Canadian Mining Journal


URANIUM: Denison to move Wheeler River forward

The 2019 exploration drilling plan for the Wheler River uranium project. (Image: Denison Mines Corp.)

SASKATCHEWAN –Denison Mines Corp. and its partners in the Wheeler River uranium joint venture have agreed to spend $10.3 million to advance the project next year. A major undertaking will be to initiate the environmental assessment and engineering studies.

The target of this activity will be the Phoenix deposit that is amenable to in situ recovery methods. The decision to advance the project comes after the positive results of a prefeasibility study completed in September.

To begin the environmental process, Denison will submit a project description to federal and provincial regulatory authorities in early 2019. Construction could begin in 2022 and first production occur two years later. Environment related expenditures will be $2.5 million next year.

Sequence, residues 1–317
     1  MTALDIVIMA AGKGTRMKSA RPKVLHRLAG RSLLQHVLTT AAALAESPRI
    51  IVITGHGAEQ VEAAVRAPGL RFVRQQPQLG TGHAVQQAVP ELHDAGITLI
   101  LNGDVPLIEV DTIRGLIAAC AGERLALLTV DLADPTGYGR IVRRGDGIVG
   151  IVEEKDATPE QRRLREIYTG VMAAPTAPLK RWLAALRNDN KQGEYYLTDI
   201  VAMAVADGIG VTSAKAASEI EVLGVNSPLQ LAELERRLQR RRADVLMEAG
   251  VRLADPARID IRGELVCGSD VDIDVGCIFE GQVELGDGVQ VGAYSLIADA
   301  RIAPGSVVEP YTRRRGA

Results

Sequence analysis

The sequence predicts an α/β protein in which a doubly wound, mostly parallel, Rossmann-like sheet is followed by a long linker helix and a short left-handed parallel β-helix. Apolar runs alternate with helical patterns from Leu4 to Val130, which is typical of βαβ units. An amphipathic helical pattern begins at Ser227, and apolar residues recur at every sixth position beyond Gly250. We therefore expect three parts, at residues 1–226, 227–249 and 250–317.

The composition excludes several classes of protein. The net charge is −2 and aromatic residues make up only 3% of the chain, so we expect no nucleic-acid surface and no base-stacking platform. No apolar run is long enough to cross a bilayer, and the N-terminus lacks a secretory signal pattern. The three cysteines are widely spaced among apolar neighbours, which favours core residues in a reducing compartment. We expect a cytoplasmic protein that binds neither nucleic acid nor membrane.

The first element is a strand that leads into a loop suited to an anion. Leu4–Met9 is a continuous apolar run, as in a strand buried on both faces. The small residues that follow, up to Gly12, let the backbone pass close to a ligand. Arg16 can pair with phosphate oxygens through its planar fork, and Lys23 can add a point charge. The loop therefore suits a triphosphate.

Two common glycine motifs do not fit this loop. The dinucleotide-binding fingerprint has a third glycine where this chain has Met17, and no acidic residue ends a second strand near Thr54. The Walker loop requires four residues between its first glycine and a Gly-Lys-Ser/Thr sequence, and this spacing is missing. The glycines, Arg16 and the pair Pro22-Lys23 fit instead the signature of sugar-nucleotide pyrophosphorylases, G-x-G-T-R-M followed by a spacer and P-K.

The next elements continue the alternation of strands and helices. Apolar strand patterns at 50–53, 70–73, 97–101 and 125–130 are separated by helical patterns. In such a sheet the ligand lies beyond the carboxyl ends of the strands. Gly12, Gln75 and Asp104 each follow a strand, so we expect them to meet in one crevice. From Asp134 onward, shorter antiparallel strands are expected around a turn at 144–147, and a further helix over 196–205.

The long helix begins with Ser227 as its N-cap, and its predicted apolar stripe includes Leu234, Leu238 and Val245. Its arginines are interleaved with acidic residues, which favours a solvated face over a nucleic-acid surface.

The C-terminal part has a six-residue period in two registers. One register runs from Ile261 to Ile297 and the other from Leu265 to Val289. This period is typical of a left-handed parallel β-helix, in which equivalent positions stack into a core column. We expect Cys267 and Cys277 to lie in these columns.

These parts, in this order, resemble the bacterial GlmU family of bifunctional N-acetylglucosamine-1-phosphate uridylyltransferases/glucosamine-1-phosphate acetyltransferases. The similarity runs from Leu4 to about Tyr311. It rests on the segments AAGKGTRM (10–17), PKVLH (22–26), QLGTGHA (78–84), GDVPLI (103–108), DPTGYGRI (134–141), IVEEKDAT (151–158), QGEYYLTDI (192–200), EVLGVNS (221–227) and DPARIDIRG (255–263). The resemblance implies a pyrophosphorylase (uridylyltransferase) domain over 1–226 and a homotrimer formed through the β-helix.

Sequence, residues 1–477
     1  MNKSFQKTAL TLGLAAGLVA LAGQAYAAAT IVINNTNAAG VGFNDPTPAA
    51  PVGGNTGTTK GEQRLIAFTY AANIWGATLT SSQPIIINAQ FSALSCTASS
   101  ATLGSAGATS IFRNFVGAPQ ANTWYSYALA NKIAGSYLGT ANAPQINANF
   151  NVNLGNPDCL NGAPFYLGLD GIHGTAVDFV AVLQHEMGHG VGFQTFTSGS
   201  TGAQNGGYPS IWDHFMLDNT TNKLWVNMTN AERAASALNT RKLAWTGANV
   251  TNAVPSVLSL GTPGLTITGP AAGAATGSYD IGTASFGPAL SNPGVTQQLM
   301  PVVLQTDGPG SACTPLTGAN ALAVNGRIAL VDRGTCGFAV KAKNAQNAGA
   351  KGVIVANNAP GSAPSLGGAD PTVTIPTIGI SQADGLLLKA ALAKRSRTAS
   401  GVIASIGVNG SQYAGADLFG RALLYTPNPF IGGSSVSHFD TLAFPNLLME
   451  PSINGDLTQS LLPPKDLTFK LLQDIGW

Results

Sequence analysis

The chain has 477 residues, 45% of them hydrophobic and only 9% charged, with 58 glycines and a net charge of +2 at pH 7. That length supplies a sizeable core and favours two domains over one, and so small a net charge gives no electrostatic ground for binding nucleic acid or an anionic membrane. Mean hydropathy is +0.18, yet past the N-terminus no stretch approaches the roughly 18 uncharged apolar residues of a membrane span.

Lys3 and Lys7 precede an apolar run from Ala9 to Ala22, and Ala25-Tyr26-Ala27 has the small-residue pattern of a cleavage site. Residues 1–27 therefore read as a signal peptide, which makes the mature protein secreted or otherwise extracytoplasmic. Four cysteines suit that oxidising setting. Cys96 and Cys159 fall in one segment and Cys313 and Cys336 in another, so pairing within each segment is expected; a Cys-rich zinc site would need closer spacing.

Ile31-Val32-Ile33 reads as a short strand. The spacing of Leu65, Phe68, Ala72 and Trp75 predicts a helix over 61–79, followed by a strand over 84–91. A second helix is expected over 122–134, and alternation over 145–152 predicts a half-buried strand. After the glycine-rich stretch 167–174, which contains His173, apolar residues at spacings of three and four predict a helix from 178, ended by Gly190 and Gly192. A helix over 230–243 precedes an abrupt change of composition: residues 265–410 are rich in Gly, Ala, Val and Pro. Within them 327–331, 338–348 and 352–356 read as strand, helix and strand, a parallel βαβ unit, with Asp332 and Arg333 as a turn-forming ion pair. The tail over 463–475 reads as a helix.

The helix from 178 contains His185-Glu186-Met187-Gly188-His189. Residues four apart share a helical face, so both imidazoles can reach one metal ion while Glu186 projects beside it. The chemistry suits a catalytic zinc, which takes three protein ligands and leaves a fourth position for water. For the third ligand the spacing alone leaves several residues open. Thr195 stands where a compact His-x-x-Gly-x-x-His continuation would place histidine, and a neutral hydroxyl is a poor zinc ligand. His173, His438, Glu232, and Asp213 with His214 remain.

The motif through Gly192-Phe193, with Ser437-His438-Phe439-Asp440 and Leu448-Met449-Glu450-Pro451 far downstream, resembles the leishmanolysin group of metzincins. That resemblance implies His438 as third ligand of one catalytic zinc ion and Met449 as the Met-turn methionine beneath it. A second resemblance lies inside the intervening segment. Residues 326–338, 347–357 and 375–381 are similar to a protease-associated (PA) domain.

The development of in situ recovery (ISR) will make Phoenix one of the world’s lowest cost uranium mines. Benefits of ISR also include the most environmentally friendly mining method. Wellfield tests next year cover the installation of 15 to 20 ISR wells. Denison says the budget for these tests is $2.4 million in 2019.

Several other activities are scheduled. A laboratory scale pilot plant will also begin one year of metallurgical testing in the second half of 2019. These tests have a budget of $500,000. Project development and evaluation, including certain third-party reviews, has a $1.7-million budget. The 2019 budget also calls for a $3.2-million exploration program of 13,500 metres in 23 holes. These drill holes will test the potential of the sub-Athabasca unconformity to host other uranium deposits that would support ISR.

Wheeler River  has an indicated resource of 132.1 million lb. uranium oxide in mineralization grading 3.3%. The inferred resource is 3.0 million lb. at an average grade of 1.7% uranium oxide. Toronto-based Denison holds a 90% interest in the Wheeler River project.

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